i've been only vaguely been keeping up with the news of protests in iran against the outcome of the recent elections. i've seen the protests, felt very sad at the number of deaths and am disappointed that there has been election fraud.
one of the most interesting things about modern protests in any countries is the role of technology. with mobile phones that allow txts, photos, video, and tweets to be sent from right in the middle of the action. then there's the internet with blogs, email etc to provide yet more information. if it's not censored that is.
but one issue that arises from all of this is whose voice we hear are those from the upper class, or middle class, or at least not the really poor - since most people in most countries can afford a mobile phone, though not possibly ones that can be sending video images. but computers are usually not so accessible to the really poor. and in non-english-speaking countries, the poor generally don't speak english.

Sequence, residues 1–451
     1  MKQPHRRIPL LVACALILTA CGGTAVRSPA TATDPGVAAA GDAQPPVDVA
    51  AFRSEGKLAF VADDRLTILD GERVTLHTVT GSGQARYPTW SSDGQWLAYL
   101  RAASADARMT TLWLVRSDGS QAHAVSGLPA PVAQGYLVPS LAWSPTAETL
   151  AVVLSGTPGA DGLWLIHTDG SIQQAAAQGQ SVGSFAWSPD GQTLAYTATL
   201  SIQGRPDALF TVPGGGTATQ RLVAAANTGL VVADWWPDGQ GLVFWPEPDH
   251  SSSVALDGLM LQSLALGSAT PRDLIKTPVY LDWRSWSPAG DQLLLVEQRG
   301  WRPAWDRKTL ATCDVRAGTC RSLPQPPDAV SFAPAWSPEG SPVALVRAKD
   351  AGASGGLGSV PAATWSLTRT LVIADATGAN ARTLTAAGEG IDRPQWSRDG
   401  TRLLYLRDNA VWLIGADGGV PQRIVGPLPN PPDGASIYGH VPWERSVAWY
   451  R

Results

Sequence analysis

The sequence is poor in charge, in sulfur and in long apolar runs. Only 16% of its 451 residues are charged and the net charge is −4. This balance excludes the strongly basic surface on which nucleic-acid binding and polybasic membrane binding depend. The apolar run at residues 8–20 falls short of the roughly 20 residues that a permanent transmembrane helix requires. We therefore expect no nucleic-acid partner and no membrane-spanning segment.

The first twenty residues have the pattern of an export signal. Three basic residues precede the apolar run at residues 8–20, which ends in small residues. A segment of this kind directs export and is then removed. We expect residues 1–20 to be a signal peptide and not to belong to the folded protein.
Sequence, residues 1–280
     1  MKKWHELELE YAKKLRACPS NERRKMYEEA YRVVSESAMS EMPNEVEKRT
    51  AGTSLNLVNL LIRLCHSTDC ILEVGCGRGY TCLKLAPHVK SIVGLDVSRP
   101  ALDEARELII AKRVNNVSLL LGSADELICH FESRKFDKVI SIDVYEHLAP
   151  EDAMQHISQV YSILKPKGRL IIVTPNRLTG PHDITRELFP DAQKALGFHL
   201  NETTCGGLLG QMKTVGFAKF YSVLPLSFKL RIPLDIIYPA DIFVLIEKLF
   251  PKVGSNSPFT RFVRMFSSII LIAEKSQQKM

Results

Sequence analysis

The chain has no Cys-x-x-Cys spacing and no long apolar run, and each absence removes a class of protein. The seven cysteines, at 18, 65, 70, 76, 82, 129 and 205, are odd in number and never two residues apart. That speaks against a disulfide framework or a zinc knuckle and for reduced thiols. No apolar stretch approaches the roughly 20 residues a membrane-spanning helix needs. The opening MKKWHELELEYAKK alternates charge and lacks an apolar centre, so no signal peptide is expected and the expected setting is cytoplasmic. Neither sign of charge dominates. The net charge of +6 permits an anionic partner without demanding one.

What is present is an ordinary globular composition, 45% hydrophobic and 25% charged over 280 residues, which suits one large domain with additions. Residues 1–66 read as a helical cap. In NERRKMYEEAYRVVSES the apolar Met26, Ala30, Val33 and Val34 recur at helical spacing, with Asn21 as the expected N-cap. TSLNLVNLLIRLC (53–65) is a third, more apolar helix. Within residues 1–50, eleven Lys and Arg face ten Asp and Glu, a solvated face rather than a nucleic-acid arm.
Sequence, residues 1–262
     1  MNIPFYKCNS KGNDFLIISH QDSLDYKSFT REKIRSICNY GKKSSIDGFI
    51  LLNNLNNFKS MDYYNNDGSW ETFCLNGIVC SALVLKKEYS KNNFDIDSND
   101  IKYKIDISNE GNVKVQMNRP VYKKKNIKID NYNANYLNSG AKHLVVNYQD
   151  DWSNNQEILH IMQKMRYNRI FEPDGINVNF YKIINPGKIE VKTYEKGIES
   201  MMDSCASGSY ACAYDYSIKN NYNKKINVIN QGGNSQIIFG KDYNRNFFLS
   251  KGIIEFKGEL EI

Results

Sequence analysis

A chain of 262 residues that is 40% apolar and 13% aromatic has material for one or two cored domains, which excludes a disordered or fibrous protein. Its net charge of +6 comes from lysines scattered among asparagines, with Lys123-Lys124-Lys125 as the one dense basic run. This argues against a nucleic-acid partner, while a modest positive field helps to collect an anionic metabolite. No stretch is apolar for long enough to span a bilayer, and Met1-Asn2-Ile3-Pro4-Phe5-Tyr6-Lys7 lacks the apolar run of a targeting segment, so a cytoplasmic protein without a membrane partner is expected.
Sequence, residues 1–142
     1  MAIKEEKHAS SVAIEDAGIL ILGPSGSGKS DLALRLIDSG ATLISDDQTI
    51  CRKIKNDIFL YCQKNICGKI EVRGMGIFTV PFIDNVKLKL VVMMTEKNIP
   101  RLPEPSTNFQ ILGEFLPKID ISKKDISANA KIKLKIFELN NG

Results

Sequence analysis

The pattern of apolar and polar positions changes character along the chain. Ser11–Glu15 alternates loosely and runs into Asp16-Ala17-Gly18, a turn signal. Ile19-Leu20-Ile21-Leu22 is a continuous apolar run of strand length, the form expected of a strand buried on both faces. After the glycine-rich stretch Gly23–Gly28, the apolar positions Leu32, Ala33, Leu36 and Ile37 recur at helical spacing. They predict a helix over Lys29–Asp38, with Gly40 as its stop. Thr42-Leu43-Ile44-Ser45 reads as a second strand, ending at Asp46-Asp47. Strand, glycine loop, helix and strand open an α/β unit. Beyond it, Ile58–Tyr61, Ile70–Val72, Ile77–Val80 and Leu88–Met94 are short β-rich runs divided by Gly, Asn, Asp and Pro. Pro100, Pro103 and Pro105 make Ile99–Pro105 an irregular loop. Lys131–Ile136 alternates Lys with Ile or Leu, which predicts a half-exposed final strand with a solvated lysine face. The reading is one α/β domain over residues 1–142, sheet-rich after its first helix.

the result is that the voices we predominantly hear are those of the relatively wealthy. in fact this is common to any country. poor people here have less of a media voice than those with more money. it's the lack of education and writing skills, along with a lack of knowledge of how to use the media, and not being as articulate in terms of putting their points of view forward.
which means that we tend to get a one-sided view. this is more likely to be the case when it comes to another country. and it can become dangerous if those with a greater voice are advocating positions that will adversely effect those who don't have that same access to technology.
i'm not saying that i support mr ahmadinejad, nor do i support rigged elections or political suppression. but i'd like to see more balance in the people we get to hear from. on any issue, in any country.